‘Eco’ wood burners produce 450 times more pollution than gas heating – report

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“Ecodesign” wood stoves produce 450 times more toxic air pollution than gas central heating, according to new data published in a report by the UK’s chief medical officer, Prof Chris Whitty.

According to the report, old stoves, which are now banned for sale, produce 3,700 times more, while electric heating produces none at all.

Whitty chose air pollution as the focus of its 2022 annual report. “It kills a lot of people. [and] It causes many diseases and disabilities throughout life,” he said. “Air pollution causes problems from the time before humans are born to their last days on earth.”

The report estimates that between 26,000 and 38,000 people die annually from outdoor air pollution. No estimates have been made for the impact of indoor pollution, which Whitty says urgently needs more research.

The comprehensive report noted that most types of air pollution have declined over the past 50 years. But evidence of the harm that polluted air can do at even low levels has skyrocketed, and scientists now think it harms every organ in the body.

“Air pollution has improved and will continue to improve as long as we are active in tackling it,” Whitty said. “We can and should go further.”

“If the government doesn’t do something about it, it’s unclear who else can,” he said. “Frankly, my wish is air pollution [action] to act as soon as possible.” The government missed the statutory deadline to set a new air pollution target in October, and many urban areas still have illegal levels of nitrogen dioxide pollution.

“Solid fuels are by far the most polluting method of heating homes, and wood burning has grown in popularity in recent years,” the report said. The report said that small particle pollution is the most dangerous to health, and pollution from wood burning increased by more than a third from 2010 to 2020. It is stated that most of the 1.5 million households that burn wood do so for aesthetic reasons.

“In my view, there’s a big difference between having a very dense urban area where everybody uses wood burning, and someone doing it primarily in a rural area where they have themselves, their families, and a lot of sheep,” Whitty said.

Related: Burning wood at home in the UK incurs health costs of around £1bn a year, report says

He said he supports informing people rather than a ban, noting that dry wood produces a quarter of the pollution of wet wood, for example. “We want people to have information and good choices, but we’re not trying to completely restrict choice except in areas where we already have clean air zones,” Whitty said. “We don’t want to go back to where we were before by not implementing them.”

A report released in November found that despite more than 8,000 complaints filed, no local authority with a smoke control area had imposed penalties for smoke pollution in the past five years. Whitty’s report states that “many regions of the United States have imposed incineration bans to reduce home heating emissions” when weather conditions can cause high pollution levels.

While some pollutants have declined over the past 50 years, Whitty said ammonia pollution from farms has remained virtually unchanged. Ammonia comes largely from animal manure and reacts in the atmosphere creating harmful particles that are blown into cities. “It’s a matter of choice,” he said, as the Netherlands reduced ammonia emissions in the 1990s by mandating the slurry to be fed directly into the soil.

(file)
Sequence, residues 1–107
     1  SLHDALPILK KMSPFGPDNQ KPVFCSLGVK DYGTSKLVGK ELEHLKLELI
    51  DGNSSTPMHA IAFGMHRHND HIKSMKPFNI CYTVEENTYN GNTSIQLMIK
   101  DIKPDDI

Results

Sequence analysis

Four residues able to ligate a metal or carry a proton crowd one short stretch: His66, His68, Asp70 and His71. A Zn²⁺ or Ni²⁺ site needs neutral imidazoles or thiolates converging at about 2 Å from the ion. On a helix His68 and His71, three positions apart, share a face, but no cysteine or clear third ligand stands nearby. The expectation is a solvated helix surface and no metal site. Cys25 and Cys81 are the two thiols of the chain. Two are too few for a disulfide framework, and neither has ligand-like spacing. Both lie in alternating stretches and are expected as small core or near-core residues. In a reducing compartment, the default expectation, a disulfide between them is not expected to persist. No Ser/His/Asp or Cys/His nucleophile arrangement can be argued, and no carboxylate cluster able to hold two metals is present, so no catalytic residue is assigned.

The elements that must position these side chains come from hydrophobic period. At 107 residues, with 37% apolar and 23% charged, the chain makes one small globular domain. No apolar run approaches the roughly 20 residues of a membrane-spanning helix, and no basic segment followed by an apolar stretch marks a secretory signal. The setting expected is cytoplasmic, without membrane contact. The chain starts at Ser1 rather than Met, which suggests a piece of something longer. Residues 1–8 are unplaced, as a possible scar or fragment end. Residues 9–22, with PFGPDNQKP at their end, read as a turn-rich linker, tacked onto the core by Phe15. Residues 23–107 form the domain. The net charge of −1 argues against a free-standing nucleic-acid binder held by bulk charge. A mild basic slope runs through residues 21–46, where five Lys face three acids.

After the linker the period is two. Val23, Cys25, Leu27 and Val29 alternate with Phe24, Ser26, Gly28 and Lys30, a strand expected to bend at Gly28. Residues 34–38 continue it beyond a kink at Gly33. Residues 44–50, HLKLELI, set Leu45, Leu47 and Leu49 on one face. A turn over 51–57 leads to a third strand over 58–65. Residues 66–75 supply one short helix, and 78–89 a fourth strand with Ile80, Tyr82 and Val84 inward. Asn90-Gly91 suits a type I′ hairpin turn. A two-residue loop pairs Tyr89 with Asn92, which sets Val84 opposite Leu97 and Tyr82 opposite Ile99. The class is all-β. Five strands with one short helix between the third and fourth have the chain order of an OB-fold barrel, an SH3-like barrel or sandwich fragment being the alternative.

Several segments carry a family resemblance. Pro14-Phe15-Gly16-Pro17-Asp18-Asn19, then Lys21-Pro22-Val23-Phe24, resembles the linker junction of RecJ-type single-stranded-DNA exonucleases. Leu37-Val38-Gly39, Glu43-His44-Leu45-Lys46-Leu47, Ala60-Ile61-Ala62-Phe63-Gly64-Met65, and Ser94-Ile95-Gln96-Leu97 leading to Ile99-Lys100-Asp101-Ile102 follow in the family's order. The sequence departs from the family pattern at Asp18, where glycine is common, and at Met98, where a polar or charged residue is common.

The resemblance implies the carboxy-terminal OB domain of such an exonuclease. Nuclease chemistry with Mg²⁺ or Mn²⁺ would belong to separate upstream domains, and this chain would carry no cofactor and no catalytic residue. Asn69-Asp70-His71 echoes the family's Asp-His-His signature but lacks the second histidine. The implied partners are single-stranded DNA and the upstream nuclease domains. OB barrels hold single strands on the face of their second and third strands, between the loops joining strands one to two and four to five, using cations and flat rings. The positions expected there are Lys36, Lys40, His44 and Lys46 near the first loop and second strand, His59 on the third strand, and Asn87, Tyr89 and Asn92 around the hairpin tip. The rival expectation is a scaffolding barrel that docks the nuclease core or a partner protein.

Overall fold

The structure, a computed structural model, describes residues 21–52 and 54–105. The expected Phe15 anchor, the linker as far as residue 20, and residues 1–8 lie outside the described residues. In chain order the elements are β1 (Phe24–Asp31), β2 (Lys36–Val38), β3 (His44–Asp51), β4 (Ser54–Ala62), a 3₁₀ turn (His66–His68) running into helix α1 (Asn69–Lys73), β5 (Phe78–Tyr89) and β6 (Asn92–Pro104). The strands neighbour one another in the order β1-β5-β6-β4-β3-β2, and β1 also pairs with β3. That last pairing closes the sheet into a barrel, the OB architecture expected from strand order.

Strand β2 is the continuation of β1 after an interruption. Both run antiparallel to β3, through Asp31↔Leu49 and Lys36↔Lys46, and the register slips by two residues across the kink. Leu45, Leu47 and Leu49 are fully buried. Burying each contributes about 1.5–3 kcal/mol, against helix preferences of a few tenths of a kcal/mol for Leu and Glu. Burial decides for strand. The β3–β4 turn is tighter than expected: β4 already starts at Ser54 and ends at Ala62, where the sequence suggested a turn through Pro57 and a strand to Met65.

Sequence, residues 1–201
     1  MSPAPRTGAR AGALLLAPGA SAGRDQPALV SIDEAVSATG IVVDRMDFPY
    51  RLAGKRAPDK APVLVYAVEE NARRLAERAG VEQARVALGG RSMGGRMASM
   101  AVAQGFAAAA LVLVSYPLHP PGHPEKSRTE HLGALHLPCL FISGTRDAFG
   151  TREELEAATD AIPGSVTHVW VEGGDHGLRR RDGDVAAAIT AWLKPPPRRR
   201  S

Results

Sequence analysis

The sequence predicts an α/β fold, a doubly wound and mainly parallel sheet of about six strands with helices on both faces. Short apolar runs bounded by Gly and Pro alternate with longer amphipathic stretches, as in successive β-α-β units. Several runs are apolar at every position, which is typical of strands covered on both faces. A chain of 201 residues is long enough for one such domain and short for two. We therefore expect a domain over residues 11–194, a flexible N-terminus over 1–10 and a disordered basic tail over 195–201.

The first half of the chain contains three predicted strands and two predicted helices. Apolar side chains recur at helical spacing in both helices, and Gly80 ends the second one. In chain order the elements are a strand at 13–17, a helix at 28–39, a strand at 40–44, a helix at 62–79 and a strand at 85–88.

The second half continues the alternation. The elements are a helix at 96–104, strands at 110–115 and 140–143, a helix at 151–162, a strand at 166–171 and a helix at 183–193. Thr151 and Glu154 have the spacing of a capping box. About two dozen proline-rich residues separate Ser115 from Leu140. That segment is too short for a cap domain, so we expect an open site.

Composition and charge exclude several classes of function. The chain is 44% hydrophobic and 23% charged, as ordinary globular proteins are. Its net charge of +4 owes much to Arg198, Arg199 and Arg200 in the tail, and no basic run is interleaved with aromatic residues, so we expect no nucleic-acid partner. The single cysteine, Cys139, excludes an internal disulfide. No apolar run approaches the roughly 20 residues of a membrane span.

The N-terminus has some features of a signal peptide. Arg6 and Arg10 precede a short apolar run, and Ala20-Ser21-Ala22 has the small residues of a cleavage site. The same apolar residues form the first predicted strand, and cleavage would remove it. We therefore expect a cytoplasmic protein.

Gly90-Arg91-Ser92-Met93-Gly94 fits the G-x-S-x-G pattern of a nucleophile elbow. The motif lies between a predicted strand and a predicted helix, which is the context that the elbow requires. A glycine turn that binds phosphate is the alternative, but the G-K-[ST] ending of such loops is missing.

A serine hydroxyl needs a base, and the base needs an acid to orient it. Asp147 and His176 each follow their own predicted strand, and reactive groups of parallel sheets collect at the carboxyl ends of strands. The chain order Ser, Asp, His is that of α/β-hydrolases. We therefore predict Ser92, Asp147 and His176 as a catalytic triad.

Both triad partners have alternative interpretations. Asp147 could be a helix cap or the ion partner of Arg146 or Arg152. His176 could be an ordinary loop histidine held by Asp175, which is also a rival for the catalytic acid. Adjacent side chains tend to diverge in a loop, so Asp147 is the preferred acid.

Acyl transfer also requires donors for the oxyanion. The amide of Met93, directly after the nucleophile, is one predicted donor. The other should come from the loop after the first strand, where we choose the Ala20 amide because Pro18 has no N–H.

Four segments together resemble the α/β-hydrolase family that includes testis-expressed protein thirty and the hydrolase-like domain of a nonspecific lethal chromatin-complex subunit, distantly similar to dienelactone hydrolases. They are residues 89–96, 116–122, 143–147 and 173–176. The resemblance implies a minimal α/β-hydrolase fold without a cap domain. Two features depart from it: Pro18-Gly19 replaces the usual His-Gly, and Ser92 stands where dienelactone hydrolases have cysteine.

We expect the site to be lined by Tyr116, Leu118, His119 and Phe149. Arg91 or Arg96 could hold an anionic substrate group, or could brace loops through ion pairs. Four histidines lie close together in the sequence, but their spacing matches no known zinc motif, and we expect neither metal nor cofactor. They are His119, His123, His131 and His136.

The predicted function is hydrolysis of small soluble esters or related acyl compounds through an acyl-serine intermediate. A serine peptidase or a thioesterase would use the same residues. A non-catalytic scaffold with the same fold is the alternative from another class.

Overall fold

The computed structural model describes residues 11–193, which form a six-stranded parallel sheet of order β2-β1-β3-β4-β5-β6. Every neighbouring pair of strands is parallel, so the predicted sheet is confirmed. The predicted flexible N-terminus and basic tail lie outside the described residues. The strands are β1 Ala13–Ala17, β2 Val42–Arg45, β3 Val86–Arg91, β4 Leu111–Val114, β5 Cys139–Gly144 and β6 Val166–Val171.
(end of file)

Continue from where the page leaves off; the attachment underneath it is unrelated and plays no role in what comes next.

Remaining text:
The report also showed that small particle pollution has barely dropped over the past decade. The government’s proposed target for this pollution is set for 2040, twice the WHO’s limit.

Whitty said electric vehicles are essential to reducing nitrogen dioxide pollution, largely from diesel vehicles: “It’s really important that we don’t experience a backsliding in progress towards electrification, because that will essentially take that out of the picture.” He also said that people who idle diesel and petrol cars outside of school are “incredibly antisocial.”

Electric vehicles still produce some pollution particles from road and brake wear, and Whitty said it’s important to encourage walking and cycling: “If you look back at the 1950s, a lot of people were cycling who wouldn’t be cycling now. We can easily reverse it.” According to the report, in the 1950s people cycled about 20 billion kilometers a year, compared to 7 billion in 2021. Safer bike lanes are a way to encourage more cycling, he said.

In public transport, Whitty said that although the London Underground is electrified, it has the highest air pollution of any underground system in Europe, largely due to poor ventilation.

Andrea Lee of the environmental law charity ClientEarth, which had previously defeated the government in court over air pollution schemes, said: “The government seems to be asleep at the wheel. Ministers have missed their statutory deadlines to set pollution targets in law, and this delay is costing people’s health and putting more strain on the NHS and our economy. What does it take for the government to address this public health threat?”

Sarah Woolnough, CEO of Asthma + Lung UK, said: “This new report should serve as a call for the government to be bolder in tackling polluted air. Air pollution is a public health emergency.”

Dr Gary Fuller from Imperial College London said action needed to go beyond the targets: “In the 21st century. A century of evidence tells us there is no zero impact threshold for exposure to air pollution. This means that our efforts should not just focus on the worst places and stop when we reach legal limits. We must seize every opportunity to reduce air pollution.”

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